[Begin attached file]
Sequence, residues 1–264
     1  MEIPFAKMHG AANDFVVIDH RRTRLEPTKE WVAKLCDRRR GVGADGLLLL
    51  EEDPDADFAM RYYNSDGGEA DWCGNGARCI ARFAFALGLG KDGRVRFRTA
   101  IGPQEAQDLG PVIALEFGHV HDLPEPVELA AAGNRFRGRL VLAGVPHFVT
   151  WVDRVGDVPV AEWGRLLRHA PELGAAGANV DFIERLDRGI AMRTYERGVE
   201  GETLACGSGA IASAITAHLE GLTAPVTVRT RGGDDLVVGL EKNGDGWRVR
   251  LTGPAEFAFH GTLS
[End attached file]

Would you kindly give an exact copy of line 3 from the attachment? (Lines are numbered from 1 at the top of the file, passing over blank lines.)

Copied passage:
    51  EEDPDADFAM RYYNSDGGEA DWCGNGARCI ARFAFALGLG KDGRVRFRTA